I was wrong. Dead wrong. Loud wrong.
This goes beyond picking a losing horse. This goes to the declaration made in this column and on my weekly podcast that said racing futures were dead in Las Vegas.
They are not what they once were, but in reality they have not missed a beat.
Jonathan Lintner of Horse Racing Nation got it first and got it right last week when William Hill posted both Breeders’ Cup Classic and Kentucky Derby futures.
My first reaction was WTF? (For the uninitiated, Phil Dunphy on “Modern Family” says that stands for “Why the face?”)
Less than two months ago, after talking with bookmakers and exchanging emails with the Nevada Gaming Control Board, I had declared “Futures betting on horses is a thing of the past in Nevada.” That was the headline. I am not allowed to claim that someone else wrote it, because I did.
I could get into a whole litany of excuses about what went wrong and how the walk did not match the talk and point fingers. But ultimately the mirror rules. In some cases I believed what I should not have. In other ways I applied some facts where they did not belong, and I made incorrect assumptions that led me to faulty conclusions.
For all that, I apologize – and try to move on. Because who really cares about how the sausage was made? Let’s just get to the meat of the odds. And they are already in flux.
Dennis’ Moment and Eight Rings opened as 10-1 favorites to win the Derby. Then came the Breeders’ Cup Juvenile, where Dennis’ Moment started on his knees and Eight Rings never got going. Now they are 25-1.
Storm The Court opened 90-1. Then he went and won the Juvenile. Now he is 12-1. Whoa, wait a minute. Wasn’t he 45-1 to win the Breeders’ Cup? Am I to understand now that he is considered much more likely to win May 2 at Churchill Downs? Let me know how that works out.
Maxfield, the Grade 1 winner that was scratched from the Juvenile with what has been described as a minor injury to his right front leg, held steady at 12-1. But he and Storm The Court are not co-favorites.
Instead, it is a horse that was not even at the Breeders’ Cup. Independence Hall was a 12¼-length winner last Sunday as a 9-1 shot in the Grade 3 Nashua Stakes at Aqueduct. He earned a 101 Beyer Speed Figure that was four points better than any other 2-year-old has produced in North America in 2019. So he opened this week as the new 10-1 Derby favorite.
Sired by 2014 Florida Derby winner Constitution and trained by Michael Trombetta, Independence Hall is 2-for-2, having won his September debut at Parx by 4¾ lengths.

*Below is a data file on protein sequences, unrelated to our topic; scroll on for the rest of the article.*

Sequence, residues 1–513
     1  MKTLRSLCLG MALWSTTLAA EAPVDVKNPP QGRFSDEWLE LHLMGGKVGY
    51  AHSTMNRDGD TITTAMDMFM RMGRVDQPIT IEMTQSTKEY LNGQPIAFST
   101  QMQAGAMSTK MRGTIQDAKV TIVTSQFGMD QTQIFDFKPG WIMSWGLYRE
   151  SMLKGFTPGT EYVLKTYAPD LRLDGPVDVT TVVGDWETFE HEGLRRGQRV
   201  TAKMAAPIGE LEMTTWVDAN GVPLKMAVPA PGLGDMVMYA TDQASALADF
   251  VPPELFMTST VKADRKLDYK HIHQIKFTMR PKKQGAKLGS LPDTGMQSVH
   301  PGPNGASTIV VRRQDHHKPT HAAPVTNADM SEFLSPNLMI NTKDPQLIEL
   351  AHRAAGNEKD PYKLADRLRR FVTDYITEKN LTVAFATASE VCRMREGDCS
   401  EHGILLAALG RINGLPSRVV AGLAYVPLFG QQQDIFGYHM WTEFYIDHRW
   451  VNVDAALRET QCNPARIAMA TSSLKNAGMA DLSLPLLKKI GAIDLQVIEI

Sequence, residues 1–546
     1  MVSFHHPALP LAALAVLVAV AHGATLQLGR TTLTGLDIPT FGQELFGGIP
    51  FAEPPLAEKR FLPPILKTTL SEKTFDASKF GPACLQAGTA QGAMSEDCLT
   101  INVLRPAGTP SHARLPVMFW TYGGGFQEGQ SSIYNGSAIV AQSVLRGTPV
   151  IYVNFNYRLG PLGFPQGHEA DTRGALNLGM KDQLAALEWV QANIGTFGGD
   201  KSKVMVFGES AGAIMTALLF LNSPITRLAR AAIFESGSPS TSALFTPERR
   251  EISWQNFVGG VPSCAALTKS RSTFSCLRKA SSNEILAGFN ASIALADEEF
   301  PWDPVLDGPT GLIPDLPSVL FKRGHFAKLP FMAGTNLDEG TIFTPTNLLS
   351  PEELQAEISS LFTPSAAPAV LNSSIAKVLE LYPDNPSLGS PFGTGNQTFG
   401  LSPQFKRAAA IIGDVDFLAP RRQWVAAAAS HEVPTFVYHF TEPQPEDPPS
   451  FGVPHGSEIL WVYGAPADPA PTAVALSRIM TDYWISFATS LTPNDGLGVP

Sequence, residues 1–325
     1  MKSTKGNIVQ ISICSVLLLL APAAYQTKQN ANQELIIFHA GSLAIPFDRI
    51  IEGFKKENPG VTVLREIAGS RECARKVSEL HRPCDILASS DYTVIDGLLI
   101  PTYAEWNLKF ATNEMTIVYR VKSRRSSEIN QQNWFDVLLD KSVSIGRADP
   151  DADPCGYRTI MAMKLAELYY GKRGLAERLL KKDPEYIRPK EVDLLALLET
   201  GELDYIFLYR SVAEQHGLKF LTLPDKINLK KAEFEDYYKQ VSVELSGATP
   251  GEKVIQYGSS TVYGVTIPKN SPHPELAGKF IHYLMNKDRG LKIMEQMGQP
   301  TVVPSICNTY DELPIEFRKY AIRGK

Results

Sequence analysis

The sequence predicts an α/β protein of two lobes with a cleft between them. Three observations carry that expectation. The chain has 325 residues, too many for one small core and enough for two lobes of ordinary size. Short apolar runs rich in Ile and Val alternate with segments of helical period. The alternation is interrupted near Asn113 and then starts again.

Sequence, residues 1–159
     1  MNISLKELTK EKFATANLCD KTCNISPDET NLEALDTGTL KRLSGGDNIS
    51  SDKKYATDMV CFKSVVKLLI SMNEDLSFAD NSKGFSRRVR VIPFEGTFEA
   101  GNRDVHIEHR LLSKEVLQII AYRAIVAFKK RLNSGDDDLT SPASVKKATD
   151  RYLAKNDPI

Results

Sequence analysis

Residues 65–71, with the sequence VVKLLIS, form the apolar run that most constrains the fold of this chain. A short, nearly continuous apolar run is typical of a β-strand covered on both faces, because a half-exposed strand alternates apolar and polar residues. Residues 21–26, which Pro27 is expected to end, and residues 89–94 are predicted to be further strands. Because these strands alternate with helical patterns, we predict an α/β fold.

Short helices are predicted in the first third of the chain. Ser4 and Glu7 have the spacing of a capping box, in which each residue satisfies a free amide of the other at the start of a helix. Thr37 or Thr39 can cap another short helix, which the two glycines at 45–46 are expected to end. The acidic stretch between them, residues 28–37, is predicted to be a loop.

After the Nashua victory, Trombetta stopped short of committing Independence Hall to a Derby campaign. Yet he admitted that next month’s Grade 2 Remsen, a Derby points prep at Aqueduct, is being strongly considered.
“We’ll see how he is and talk to the owners and come up with a plan for him,” Trombetta said. “This is a great conversation to have. This was a step in the right direction.”
José Ortiz, who rode Independence Hall after flying home to New York from his nine races in the Breeders’ Cup, went one better.
“I don’t think any other 2-year-old out there can kick like him,” he said. “He seems special.”
That would apparently include the only winner that Ortiz rode last week at Santa Anita. After finishing first in the Juvenile Turf, Structor was conspicuously absent from the William Hill Derby futures, even though trainer Chad Brown said that he was leaning toward moving the son of Palace Malice off the grass.
“I’m going to try this horse on dirt at some point,” Brown said last week. “He trains very well on it. He deserves it, and he’s got the right running style to potentially run on both surfaces.”
Structor’s Beyer from last Friday was only 79, so there is some building to do between now and next spring. But there is plenty of time. And who knows? By then maybe Structor will become a fiend on dirt. And maybe the dean of Las Vegas horse handicappers – Johnny Avello – will resurrect his futures somewhere for DraftKings Sportsbook.